Some still think that the rightist leadership is actually capable of getting the State of Israel off the route previously charted out by the Zionist Left. They really think that the reason why our national train continues to speed down the Oslo track is because of the people in charge.
Unease. Déjà vu from Sharon's great Expulsion. It began with a column by Hagai Segal, who depicted the insistence of Migron’s residents not to move from their current location as a sort of childish stubbornness. After all, Kedumim was founded after it was moved from its original location and ultimately grew into a thriving community. So how dare those “children” of Migron, who never heard of settler leader Ze’ev “Zambish” Hever, think otherwise?
Is Prime Minister Benjamin Netanyahu’s politically “brilliant move” just the opening shot? Will his next move be an attempt to inject the Kadima Knesset members into the Likud? Or is the prime minister planning another Sharon-style bombshell, such as enticing Likud MKs to join him, Kadima and Ehud Barak’s party in forming a new balloon party?
Two weeks ago, in my weekly column on the NRG website, I wrote, “Nobody really understands why Israel is going to early elections.” So when I heard that the election merry-go-round had been cancelled, I was pleased.
The Knesset factions are pursuing legislation that will institute an equal draft into the IDF – but something is fishy. The New Israel Fund’s propaganda has made inroads, and it looks like the upcoming elections will focus on haredi-bashing.
This is how it works: A minister or MK who steps out of line – opposing the destruction of the Ulpana neighborhood, for example – is immediately accused of “Feiglinism.” It makes no difference if the accuser is Tzipi Livni or Ehud Barak. “This is simply terrible,” Kadima MK Nachman Shai explained on the afternoon news. “Feiglin determines the fate of the Likud MKs.”
Recent warnings by President Obama to Israel against an Israeli strike on Iran’s nuclear facilities are reminiscent of the period prior to the 1967 Six-Day War. Then, as now, Israel was faced with an existential threat. Then, as now, the U.S. pressured Israel not to take action.
At the end of his column, “The Feiglin Bang” (published in Makor Rishon on March 23), editor Amnon Lord predicts one of two possibilities: Either I will lead the Likud with approximately 35 mandates or I will turn into the Uri Avnery (the radical leftist writer and media figure) of the Right.
The recent Israeli High Court ruling striking down the compromise agreement between Israel’s government and the residents of Migron was logical. It was a realistic commentary on the state of affairs between the government and the court. In truth, the question that was laid at the High Court’s doorstep was not about Migron and not about property rights. It was much more basic than that. The question that the High Court was asked to decide was to whom the Land of Israel belongs.
“Hey, Little Red Riding Hood, what is that dome on your head?” “Grandma-tech knitted it for me out of steel wool,” Little Red Riding Hood proudly answered. “Nice, isn’t it?” “Sure, it’s nice,” answered the wolf, licking his lips. “It fits you very well. But why is it made out of steel wool?”
Nothing is new. The recent murder of the Jews in France should surprise no one. It exposes a dismal reality that is taking shape in Europe and throughout the world.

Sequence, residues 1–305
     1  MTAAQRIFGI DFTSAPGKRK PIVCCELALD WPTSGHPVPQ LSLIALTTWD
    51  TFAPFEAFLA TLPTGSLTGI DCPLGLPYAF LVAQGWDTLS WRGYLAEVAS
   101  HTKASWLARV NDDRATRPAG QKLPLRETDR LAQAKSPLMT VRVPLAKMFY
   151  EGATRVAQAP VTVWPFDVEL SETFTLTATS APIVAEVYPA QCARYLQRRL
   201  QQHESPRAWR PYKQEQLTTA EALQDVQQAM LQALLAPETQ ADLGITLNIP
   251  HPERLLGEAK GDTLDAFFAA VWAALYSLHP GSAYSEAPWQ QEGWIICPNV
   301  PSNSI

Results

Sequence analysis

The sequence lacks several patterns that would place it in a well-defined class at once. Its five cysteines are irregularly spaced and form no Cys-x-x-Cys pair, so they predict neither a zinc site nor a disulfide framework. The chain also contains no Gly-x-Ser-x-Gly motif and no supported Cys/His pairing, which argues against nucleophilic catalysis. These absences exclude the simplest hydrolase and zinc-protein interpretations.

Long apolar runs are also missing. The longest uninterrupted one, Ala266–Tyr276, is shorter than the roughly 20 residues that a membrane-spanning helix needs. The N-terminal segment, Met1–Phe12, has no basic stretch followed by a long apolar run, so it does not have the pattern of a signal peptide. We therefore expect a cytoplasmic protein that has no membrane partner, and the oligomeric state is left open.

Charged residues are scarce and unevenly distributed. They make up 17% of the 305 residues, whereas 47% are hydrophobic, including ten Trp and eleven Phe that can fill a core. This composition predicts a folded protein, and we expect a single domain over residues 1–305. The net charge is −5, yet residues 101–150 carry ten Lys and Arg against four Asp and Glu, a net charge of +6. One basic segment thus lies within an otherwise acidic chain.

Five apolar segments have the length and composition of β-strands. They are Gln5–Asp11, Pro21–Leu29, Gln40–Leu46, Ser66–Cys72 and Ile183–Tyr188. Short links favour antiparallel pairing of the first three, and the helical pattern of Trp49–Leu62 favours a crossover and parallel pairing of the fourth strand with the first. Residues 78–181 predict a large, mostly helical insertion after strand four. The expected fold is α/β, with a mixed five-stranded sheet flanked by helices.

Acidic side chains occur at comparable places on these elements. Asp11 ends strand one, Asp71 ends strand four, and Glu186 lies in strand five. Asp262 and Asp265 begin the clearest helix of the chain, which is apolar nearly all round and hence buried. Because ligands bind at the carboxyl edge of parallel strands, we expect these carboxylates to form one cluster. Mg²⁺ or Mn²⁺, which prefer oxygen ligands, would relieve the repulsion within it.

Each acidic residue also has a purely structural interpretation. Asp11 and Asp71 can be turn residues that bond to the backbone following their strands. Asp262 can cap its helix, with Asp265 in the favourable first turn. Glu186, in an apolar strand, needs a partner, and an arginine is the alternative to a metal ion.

Defense systems are important, just as tank shields are vital. But that is true only when we are on the offensive and focused on victory. In defensive-defeatist mode, these systems draw the end near. They are like aspirin for cancer.
I oppose the proposed Biometric Law because of how easily it can chip away at a citizen's liberty, without him feeling a thing.
It is impossible not to make a connection between the intentional running over of the policeman this Friday night by an Arab car thief and the Shahar Mizrahi story.
Feiglin: I know that religious Zionists think that their army service will pave their way into the heart of Israeli legitimacy. But that is not the case. Army service is a very important value. But those holding the reins will never let go in exchange for religious Zionist cannon-fodder.
To my fellow Israelis, I say this: The door is open. Just start marching toward leadership, toward liberty, toward destiny. It is not easy, but it is doable. That is what we proved in these elections. The nation is waiting. It is yearning for a life of national meaning and anticipates your leadership.
Recent polls show yet again that the vast majority of Israeli society is traditional, holds from its religious faith and shies away from coercion. Thus, hasn’t the time come for our national leadership to express the desires of the large Jewish majority?
Before we wrap up the primary campaign, I wish to express a heartfelt thanks to all of my supporters. To push the faith-based alternative uphill, over long years and against all odds, is a task that I could never have done alone.
If the recent pictures of destroyed outposts had been of Bedouin villages or illegal houses in the Galilee, the whole country would have been up in arms.
I do not like to give advice to people in times of distress. Every time a settlement facing destruction begins to debate whether to take the “offer” (in other words, the extortion) to leave or to cling to its principles and its place, I adopt our Sages’ advice to not judge others until I am in their place.